With my closer friends in elementary school, I still tended to be quiet, even when we did hang out. Not that young boys often bare their feelings or thoughts, but I tended to not be proactive within those early friendships. Yes, those friendships grew and became important ones during my pre-teenage years and as I grew in that direction I was able to find comfort and stability within them. This doesn’t mean that my social interaction went up. I started trying to find a resource for these social urges more and more by turning to what kids my age (and older) were doing: social networking. I was, to my knowledge, the first kid at my school who got a “myspace.” Quickly after it became the thing that it was, and I invited many of my classmates to join me and even made them their accounts if they didn’t feel like it. 

My growing up with little social interaction and the advent of social networking put me into a terrible cliché: hiding behind a screen. Because of this, my social life gave way to another cliché, not understanding how to make friends in a new school. In my first year of high school I rotated around 5-6 different social groups. None of them really sticking. I didn’t actually start making friendships at my first high school until about four months before I moved to Oregon. Many of those people told me that it was because of my moving that they wanted to get to know me, since time was essentially “running out.”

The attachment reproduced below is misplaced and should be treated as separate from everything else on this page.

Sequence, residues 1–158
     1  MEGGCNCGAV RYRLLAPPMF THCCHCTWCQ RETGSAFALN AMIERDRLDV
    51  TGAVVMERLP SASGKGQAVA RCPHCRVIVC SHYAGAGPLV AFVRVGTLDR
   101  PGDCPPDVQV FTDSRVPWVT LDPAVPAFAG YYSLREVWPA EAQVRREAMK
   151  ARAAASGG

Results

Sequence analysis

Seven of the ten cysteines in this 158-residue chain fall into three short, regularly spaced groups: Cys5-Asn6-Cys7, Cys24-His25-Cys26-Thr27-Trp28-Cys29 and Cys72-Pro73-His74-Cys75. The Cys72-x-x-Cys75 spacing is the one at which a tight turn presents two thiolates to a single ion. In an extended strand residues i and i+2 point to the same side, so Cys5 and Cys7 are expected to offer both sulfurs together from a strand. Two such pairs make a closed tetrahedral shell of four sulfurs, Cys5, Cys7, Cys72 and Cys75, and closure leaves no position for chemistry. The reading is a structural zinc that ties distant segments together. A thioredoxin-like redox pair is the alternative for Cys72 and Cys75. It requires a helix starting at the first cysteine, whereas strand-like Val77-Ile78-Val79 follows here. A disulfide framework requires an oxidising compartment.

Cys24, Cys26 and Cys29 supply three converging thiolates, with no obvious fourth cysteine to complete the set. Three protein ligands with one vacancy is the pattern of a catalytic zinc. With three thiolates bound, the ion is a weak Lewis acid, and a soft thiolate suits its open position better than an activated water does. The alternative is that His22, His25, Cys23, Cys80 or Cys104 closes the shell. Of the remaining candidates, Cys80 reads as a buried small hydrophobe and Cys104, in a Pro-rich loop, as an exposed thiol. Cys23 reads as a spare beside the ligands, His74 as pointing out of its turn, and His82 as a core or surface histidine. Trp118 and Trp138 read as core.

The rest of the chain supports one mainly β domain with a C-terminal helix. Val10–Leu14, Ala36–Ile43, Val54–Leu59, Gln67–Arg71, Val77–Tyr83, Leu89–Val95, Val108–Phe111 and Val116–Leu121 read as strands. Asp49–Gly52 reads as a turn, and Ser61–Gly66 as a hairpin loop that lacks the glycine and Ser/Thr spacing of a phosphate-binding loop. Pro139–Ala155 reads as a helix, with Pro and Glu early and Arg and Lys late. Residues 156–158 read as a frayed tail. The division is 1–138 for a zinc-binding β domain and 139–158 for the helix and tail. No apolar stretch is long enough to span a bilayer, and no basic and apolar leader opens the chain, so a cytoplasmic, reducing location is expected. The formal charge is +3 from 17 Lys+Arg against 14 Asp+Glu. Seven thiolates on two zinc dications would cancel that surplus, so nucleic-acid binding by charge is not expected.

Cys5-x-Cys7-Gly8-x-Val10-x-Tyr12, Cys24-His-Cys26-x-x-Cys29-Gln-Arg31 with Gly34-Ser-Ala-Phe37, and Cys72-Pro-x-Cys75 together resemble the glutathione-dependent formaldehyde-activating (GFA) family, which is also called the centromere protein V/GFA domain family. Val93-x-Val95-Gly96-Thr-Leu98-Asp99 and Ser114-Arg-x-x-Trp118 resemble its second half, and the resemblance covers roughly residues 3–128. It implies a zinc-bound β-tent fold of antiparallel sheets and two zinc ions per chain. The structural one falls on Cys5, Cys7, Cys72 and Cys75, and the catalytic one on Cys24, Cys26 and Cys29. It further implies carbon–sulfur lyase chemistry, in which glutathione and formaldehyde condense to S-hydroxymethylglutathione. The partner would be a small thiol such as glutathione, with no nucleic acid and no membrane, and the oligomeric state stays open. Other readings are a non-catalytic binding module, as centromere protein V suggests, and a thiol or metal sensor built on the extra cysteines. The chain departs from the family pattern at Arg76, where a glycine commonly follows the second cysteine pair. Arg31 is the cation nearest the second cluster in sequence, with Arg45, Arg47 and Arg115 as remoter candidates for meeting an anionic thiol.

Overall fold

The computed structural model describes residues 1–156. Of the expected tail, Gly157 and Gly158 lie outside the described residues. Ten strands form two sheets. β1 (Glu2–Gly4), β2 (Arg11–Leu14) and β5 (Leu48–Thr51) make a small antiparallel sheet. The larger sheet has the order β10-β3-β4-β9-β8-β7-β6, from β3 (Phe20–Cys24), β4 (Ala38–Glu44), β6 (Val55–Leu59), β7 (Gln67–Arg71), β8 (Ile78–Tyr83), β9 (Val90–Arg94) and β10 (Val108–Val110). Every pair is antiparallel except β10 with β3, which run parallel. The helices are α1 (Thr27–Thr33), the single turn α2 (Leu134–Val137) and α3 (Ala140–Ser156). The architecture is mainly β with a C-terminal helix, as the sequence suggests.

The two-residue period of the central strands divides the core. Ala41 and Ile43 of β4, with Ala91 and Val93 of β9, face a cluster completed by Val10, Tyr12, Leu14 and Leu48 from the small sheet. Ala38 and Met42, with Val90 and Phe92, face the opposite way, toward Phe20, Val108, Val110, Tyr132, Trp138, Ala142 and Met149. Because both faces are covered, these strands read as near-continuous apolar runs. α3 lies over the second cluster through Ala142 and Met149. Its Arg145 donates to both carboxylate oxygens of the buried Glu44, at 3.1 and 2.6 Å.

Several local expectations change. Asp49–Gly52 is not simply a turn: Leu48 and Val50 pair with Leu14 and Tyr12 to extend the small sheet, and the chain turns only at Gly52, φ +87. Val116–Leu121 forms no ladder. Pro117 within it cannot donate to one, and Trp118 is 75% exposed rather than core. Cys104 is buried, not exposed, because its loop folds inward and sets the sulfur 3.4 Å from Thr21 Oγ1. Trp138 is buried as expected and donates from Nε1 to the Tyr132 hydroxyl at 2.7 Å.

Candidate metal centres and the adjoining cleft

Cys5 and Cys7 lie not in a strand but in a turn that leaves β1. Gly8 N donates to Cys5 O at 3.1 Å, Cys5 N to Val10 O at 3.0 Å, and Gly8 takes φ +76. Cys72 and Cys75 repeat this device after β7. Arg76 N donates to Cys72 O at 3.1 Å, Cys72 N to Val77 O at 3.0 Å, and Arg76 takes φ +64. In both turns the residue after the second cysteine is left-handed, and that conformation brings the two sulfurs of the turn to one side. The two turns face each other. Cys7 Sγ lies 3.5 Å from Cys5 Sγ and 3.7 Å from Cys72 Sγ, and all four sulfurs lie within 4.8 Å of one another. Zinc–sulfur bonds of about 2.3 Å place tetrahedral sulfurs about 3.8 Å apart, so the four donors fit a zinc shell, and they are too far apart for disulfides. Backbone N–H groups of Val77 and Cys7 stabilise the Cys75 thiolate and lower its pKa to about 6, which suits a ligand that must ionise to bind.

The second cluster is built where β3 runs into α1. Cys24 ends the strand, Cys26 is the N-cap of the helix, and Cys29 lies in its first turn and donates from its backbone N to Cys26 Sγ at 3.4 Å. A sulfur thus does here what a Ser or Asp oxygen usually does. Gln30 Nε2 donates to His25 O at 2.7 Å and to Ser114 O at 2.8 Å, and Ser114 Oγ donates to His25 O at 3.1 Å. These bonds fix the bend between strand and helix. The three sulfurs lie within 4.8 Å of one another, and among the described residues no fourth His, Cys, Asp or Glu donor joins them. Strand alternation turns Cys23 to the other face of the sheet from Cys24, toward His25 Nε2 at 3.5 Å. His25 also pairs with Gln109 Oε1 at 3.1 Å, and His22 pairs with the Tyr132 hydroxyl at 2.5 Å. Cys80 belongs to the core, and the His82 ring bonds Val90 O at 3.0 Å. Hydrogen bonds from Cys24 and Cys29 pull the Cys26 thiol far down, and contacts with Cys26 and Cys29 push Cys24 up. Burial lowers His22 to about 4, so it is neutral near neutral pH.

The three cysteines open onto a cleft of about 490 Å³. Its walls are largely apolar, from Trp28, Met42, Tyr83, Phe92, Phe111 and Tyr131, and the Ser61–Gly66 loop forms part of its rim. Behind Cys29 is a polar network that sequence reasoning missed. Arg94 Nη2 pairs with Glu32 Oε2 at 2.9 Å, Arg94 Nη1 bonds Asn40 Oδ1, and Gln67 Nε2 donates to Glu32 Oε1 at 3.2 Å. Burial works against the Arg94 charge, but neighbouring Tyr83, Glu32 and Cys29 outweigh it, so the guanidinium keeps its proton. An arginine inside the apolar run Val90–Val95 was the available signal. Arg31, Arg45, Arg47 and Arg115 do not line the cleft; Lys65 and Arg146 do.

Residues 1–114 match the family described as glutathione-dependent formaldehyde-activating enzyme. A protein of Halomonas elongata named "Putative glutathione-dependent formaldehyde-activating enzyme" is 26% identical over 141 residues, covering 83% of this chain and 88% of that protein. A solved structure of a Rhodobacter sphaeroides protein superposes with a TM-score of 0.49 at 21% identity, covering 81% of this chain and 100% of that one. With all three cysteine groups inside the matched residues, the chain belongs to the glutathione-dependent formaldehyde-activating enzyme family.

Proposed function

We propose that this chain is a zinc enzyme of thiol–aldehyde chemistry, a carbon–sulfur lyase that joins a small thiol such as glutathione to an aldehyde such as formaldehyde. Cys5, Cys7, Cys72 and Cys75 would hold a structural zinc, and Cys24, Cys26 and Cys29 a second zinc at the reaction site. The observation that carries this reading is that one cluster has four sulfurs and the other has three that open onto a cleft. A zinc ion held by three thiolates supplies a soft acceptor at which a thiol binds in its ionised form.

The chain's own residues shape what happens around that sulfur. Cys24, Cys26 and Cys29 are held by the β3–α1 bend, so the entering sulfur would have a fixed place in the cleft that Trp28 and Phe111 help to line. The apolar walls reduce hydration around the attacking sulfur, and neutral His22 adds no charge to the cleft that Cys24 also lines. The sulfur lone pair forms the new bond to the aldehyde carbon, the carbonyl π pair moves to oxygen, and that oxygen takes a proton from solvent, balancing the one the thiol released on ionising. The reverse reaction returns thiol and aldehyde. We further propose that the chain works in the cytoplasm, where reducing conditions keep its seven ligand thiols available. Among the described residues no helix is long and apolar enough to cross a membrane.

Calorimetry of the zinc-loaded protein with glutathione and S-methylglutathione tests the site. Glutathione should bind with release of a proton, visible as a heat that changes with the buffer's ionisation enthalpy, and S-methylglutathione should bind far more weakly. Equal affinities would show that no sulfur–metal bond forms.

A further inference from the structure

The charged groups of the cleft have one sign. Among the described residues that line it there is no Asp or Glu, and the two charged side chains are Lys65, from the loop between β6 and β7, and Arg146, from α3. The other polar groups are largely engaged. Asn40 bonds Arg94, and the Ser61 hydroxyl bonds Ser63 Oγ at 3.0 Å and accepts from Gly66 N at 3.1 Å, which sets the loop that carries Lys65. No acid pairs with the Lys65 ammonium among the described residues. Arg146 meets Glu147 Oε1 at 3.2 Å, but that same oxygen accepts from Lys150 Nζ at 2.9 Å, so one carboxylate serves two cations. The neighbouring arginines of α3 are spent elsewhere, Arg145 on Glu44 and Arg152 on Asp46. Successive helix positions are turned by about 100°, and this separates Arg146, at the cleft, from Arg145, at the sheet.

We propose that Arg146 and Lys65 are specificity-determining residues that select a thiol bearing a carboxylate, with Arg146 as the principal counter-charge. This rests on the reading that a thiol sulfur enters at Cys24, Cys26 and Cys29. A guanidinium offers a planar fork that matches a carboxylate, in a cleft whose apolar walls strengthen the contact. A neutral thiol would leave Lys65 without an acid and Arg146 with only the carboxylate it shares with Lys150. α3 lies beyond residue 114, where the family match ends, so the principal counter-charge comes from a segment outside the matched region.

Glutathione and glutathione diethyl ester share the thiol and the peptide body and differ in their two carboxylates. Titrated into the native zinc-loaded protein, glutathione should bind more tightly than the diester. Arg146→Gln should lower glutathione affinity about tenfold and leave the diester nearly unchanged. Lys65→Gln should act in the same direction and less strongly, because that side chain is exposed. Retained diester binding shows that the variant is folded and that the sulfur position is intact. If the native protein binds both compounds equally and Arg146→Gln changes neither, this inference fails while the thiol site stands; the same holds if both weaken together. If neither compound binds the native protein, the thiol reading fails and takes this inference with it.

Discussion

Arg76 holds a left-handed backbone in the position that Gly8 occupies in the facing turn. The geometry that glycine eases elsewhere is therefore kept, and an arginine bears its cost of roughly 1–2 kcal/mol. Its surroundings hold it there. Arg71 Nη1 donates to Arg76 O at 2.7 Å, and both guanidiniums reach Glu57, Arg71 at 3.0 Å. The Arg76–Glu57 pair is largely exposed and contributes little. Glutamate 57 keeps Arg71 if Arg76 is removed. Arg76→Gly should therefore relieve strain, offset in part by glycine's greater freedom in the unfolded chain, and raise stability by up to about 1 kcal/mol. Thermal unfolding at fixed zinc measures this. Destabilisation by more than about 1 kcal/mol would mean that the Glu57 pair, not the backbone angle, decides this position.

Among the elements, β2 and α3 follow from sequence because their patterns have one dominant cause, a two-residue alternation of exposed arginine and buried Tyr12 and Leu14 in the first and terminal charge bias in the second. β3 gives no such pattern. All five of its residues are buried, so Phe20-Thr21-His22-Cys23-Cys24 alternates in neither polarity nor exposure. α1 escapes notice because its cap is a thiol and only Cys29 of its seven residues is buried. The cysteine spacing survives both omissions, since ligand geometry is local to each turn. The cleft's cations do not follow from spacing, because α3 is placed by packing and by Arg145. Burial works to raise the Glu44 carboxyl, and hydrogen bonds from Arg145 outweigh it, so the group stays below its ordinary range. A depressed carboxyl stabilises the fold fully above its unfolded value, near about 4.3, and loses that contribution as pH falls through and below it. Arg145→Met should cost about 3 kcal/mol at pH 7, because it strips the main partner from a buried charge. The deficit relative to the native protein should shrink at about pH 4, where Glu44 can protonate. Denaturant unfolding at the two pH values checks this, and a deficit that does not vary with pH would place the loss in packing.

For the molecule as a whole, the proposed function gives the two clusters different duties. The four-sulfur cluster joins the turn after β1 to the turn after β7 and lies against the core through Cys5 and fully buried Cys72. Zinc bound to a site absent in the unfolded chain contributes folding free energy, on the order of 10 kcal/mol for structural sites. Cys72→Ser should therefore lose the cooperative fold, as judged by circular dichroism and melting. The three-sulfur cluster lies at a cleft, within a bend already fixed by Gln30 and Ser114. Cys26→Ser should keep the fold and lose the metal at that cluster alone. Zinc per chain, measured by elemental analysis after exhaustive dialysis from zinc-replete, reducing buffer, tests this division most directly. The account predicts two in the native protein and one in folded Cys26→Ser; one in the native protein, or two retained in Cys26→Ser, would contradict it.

Things changed significantly when I started feeling apart of a community at my high school in Beaverton and finding a good friendship with someone there that made me really learn social skills. I still don’t believe I hold most of the ones I need to now make friends in college, but that is a completely different story. Those who know me will be able to tell you that I tend to tease, joke, and make fun of those who I feel most comfortable with which is probably the exact opposite of what to do in terms of building friendships. I am fortunate enough to have people understand that when I do this, it means I like you. Is this right? Of course not, but I doubt I’ll really learn any better now. But that is neither here nor there.